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Semester at Sea Visits Peace Village International

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Erin Walsh
Sep 18, 2013


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Semester at Sea Visits Peace Village International

Semester at Sea participants spent part of a day at a remarkable camp in Oberhausen, Germany. Friedensdorf, or Peace Village in English, provides medical help to children from all over the world who’ve sustained injuries from living in war-torn regions, including Angola and Afghanistan.

Since 1967, Peace Village International has accomplished its goal to help improve the medical and humanitarian conditions in regions of war and conflict. It has done this without political or religious affiliation, and by working under the belief that it can focus on what really matters—the children. Once the children are healed, they are returned to their families.

Semester at Sea participants spent time with the children playing games, drawing pictures, making craft projects, and hearing stories of these children’s lives. SAS students also delivered 900 toothbrushes for Global Grins, an organizations that donates toothbrushes to impoverished persons around the world. Since the children come from different backgrounds and cultures, there isn’t one universal language used yet, as the SAS students experienced, communication occurs regardless. The children are fast learners and pick up bits of language that allow them to interact with each other. By interacting with the children, participants learned about the goals of Peace Village International and felt like they were a part of the overall vision.

Morgan Kemper from University of Georgia delivers 400 of the 900 Global Grins toothbrushes.
Global Grins is dedicated to providing toothbrushes to impoverished persons around the world, many of whom may be receiving their very first toothbrush.
Emily Rapacz from Rocky Mountain College became an impromptu art teacher for some of the Peace Village children.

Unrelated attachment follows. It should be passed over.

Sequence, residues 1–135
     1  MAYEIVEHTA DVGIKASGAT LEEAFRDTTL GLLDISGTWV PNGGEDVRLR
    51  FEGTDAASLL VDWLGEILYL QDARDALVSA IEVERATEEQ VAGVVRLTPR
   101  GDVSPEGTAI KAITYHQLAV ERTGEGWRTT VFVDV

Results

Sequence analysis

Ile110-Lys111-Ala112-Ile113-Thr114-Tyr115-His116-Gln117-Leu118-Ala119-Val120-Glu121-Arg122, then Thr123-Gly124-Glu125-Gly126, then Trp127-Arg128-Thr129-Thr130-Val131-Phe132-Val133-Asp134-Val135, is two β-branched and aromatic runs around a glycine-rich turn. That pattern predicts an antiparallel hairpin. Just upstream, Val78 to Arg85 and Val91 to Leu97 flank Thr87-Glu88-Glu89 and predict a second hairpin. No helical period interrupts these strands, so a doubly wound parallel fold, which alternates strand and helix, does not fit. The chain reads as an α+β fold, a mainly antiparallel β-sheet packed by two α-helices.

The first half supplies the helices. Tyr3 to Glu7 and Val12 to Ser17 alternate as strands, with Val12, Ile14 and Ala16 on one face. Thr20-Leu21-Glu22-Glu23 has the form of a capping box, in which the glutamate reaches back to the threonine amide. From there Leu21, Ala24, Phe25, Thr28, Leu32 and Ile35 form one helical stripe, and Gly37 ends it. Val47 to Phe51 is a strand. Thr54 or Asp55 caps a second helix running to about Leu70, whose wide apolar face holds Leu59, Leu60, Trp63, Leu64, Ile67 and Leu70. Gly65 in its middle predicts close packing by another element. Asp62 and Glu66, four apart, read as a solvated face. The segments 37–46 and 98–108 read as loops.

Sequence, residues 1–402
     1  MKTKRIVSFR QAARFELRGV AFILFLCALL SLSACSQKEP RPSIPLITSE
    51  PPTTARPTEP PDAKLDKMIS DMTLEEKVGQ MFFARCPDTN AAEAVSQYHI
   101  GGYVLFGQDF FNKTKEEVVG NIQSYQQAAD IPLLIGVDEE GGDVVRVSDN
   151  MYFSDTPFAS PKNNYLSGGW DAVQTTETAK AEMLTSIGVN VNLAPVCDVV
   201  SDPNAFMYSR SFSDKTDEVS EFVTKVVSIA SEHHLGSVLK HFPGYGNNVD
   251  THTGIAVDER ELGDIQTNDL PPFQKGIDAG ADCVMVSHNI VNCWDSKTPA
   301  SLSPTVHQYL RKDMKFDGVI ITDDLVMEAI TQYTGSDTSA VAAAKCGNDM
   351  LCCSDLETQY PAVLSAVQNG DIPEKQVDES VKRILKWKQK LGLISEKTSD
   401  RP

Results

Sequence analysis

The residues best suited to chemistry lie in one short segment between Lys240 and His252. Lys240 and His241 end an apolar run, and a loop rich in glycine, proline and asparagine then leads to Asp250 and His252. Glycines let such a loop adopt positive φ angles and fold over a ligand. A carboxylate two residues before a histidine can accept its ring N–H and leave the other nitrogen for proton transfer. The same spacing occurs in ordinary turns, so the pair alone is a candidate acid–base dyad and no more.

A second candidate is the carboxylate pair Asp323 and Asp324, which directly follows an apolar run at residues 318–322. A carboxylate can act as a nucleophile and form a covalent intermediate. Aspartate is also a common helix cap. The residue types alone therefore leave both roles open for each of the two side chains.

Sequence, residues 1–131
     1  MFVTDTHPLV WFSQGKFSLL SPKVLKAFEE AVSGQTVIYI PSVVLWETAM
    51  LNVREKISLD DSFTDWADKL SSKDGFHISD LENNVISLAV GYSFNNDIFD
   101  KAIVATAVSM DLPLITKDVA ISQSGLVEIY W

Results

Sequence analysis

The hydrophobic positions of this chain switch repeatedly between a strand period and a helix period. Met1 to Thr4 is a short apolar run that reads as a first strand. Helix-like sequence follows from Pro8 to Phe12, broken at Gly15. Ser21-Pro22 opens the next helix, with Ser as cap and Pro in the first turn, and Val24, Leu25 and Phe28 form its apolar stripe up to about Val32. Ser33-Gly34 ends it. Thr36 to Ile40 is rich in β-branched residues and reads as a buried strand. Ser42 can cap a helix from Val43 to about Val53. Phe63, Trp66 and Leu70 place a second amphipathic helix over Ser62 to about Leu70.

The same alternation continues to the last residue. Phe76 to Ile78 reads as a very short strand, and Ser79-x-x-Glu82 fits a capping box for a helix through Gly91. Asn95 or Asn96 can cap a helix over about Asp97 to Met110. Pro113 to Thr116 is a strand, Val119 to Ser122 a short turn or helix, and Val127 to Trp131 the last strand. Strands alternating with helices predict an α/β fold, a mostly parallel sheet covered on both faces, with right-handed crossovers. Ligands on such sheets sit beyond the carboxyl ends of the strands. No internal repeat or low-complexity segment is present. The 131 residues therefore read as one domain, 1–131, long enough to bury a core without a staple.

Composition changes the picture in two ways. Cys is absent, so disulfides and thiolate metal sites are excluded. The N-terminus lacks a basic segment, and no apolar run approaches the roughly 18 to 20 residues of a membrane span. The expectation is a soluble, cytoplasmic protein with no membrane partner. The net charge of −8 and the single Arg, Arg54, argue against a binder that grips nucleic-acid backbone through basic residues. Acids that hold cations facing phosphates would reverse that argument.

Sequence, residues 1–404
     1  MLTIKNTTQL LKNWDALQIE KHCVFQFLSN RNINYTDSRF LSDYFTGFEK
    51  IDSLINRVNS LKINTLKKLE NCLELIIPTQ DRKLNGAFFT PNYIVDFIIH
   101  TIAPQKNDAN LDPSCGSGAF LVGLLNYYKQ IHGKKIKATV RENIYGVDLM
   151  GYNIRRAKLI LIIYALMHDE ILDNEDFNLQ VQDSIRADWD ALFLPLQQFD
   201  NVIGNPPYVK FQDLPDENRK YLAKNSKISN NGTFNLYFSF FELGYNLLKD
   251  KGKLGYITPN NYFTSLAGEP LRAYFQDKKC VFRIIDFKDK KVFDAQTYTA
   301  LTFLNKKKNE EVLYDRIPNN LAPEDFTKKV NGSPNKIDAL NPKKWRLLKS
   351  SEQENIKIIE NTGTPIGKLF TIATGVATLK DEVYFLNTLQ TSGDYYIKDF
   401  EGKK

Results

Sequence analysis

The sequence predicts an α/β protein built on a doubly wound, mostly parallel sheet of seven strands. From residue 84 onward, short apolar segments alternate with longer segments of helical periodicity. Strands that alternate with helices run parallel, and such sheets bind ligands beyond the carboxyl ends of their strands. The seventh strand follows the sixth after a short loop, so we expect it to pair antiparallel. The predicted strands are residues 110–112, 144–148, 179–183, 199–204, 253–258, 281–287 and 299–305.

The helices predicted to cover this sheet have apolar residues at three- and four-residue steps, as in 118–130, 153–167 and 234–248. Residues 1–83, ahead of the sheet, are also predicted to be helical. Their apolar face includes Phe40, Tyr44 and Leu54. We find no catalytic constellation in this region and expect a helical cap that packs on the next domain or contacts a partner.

“It moved me that the kids were happy despite the terrible circumstances that had bought them to Peace Village. Being in a wheelchair myself, from a tragic act of violence, it inspires me,” said Stephanie Cissell of California Lutheran University.
“I thought it was a unique chance to help in a small way and spend time with children who I would not have otherwise had the opportunity to meet,” said Julie Nanavati, Assistant Librarian for the Fall 2013 voyage.
Erin Karpovich from High Point University uses pictures to communicate with the children, all of whom come from different backgrounds and with different languages.
Allei Holway from Bentley College makes a yarn bracelet with her new friend.
It turned out to be a  friendship bracelet using the little girl's favorite colors.
Everyone in the camp uses a different method to communicate. SAS gap-year student, Curtis Mraz, uses his camera  to connect with the children.
Briana Unruh from University of Colorado Boulder (left) and Briana Gaskin from Cornell University (right) help make paper flowers.
William Gorman, voyage psychologist, Mary Louise True from Culinary Institute of America, and Erin Karpovich from High Point University share Polaroid images with the children.
“You could tell that the kids came from serious tragedy and injury, yet they were so genuinely happy to be connecting with people,” explains Megan Schuck, outreach coordinator for the Fall 2013 voyage. “Almost all of us could communicate through arts and crafts. The little girl I was playing with, Lucia, spoke Portuguese. When she found out I could also speak Portuguese and talk to her, she warmed up to me and was the happiest person. After the playground and arts and crafts, that’s when the language barrier really fell. People were playing catch and chase and the kids just wanted to hangout with us.”
Elizabeth Aguiar, of the University of Nevada, Reno, shows that a smile is universal in every language.

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